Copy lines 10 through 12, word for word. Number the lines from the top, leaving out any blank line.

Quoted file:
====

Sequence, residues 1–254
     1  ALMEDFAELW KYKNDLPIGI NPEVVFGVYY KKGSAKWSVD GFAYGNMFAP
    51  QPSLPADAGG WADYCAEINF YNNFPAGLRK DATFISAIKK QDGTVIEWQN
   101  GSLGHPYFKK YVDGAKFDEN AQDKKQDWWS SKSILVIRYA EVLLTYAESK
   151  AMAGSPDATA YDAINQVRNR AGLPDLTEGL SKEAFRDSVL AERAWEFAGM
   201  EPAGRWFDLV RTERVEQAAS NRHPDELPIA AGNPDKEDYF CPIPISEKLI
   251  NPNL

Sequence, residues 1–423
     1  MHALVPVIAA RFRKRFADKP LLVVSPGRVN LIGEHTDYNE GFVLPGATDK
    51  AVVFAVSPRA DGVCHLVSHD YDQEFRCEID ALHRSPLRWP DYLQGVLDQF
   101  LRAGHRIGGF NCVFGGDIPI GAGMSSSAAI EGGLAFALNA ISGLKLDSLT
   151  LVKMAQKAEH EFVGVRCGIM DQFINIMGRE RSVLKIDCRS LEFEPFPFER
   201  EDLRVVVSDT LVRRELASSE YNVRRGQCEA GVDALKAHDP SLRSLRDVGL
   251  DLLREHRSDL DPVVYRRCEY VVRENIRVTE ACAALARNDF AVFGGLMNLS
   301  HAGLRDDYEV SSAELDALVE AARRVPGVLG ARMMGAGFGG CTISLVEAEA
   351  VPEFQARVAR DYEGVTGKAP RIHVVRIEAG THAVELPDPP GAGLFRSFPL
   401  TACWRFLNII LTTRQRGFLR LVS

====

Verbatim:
    51  AVVFAVSPRA DGVCHLVSHD YDQEFRCEID ALHRSPLRWP DYLQGVLDQF
   101  LRAGHRIGGF NCVFGGDIPI GAGMSSSAAI EGGLAFALNA ISGLKLDSLT
   151  LVKMAQKAEH EFVGVRCGIM DQFINIMGRE RSVLKIDCRS LEFEPFPFER